Delaware County Cooperative Extension

Bovine Tuberculosis

Bovine Tuberculosis
Barry Whitworth, DVM, Area Food/Animal Quality and Health Specialist for Eastern OK

In 1917, Congress appropriated the money to begin the State-Federal Cooperative Bovine Tuberculosis
Eradication Program. The program was started to reduce the number of human tuberculosis
cases that were the result of being infected with bovine tuberculosis (bTB). Most human cases
were caused by humans consuming unpasteurized dairy products. Although the number of cases
of tuberculosis in cattle have been greatly reduced over the past 100 years, the disease has not
been eradicated from the United States. New cases continue to be found in cattle and on occasion
in other animals. White-tailed deer have been a problem in the state of Michigan. Just in the
past few months, Indiana found positive cases in cattle and deer. South Dakota is the latest state
to find cattle with the disease. New Mexico and Texas are also dealing with herds infected with
tuberculosis. These few infections indicate a need for producers to remain vigilant in keeping tuberculosis
out of their herds.
Bovine tuberculosis is caused by Mycobacterium bovis. This bacteria is contagious to other animals
and humans. The bacteria survives in moist warm environments for long periods of time.
The organism can be found in exhaled air, saliva, feces, and milk. Rarely, the bacteria is found in
semen, urine, vaginal, and uterine discharges from infected cattle. The organism is found more
often in dairy breeds than beef breeds. This is due to dairy cattle being kept in close confinement.
Most cattle get the bacteria from other infected cattle. In rare circumstances, people infected with
the bacteria may infect cattle. In the northern portion of the Lower Peninsula in Michigan, the bacteria
is well established in the white-tailed deer population. These deer have infected cattle. Most
cattle will inhale the bacteria or ingest it. Calves are easily
infected from ingesting colostrum and milk from an
infected cow.
Tuberculosis in cattle usually progresses over a long period
of time, however, it can be fast and progress quickly.
Clinical signs of cattle infected with M. bovis depend on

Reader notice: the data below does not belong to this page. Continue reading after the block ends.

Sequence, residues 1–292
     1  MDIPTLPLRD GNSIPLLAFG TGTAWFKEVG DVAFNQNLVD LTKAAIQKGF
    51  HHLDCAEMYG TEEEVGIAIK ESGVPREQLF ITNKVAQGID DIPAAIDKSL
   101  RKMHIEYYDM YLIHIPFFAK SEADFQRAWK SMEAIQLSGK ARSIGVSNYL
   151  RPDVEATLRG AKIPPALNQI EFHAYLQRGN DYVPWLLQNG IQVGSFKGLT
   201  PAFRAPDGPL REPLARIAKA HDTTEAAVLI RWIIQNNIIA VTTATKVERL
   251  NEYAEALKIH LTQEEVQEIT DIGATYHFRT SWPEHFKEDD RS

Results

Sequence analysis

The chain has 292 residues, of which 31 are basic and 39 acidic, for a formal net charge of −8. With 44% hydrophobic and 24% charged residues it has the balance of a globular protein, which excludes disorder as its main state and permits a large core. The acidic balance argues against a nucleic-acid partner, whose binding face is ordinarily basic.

the location and severity of the infection. Early in the
disease, cattle display very few or no signs of sickness.
Common clinical signs seen in cattle are emaciation,
weakness, anorexia, and fluctuating fever. The lymph
nodes will enlarge. In the final stages of the respiratory
form of the disease, cattle will have bronchopneumonia
which results in a moist cough, labored breathing, and
an increased heart rate. If the digestive system is infected,
the cattle may have diarrhea or be constipated.
In the end, most cattle will be extremely thin and have
severe respiratory problems.

Diagnosing tuberculosis in cattle based on clinical signs can be difficult. Most cattle are found at
routine inspections at slaughter facilities. They are also found when conducting surveillance tests in
infected areas and when state regulations require testing the animals before entering the state.
When a veterinarian test for the disease in cattle, they will do a tuberculin test. The veterinarian will
inject the tuberculin intradermally. Any swelling at the injection site indicates a positive reaction.
Since tuberculosis is a reportable disease, any positive test would be reported to the state and/or
federal veterinarians. The state and/or federal veterinarians would confirm the test with additional
tests. In most positive cases, the cattle are sent to slaughter. In some rare cases, the state and
federal authorities may allow the cattle to remain quarantined to the premises.
Since treatment of the disease is difficult and expensive, and no vaccine is available, prevention is
the key to controlling the disease. Preventing the introduction of tuberculosis into the cattle herd
begins with biosecurity. The ideal situation is to maintain a closed herd. If this is not possible,
ranchers should purchase replacement bulls, cows, and heifers from a reputable seed stock source.
When purchasing cattle from states with bovine tuberculosis, producers should consider TB testing
the cattle prior to entering their ranch.
White-tailed deer in Oklahoma have never been found to have bovine tuberculosis. Even knowing
that fact, cattle should not be allowed to have contact with white-tailed deer. One way to prevent
this contact is prohibit the feeding of deer on their ranch. Researchers at Michigan State University
have proven that the organism will survive
on salt blocks, so producers may need to
cover mineral and/or salt feeders at night.
Bovine tuberculosis occurs rarely in cattle
but producers should be aware the problem
does exist. They should do everything
possible to keep the disease out of
their herds. If a producer would like more
information on the disease, they should
contact their local extension educator or
their local veterinarian.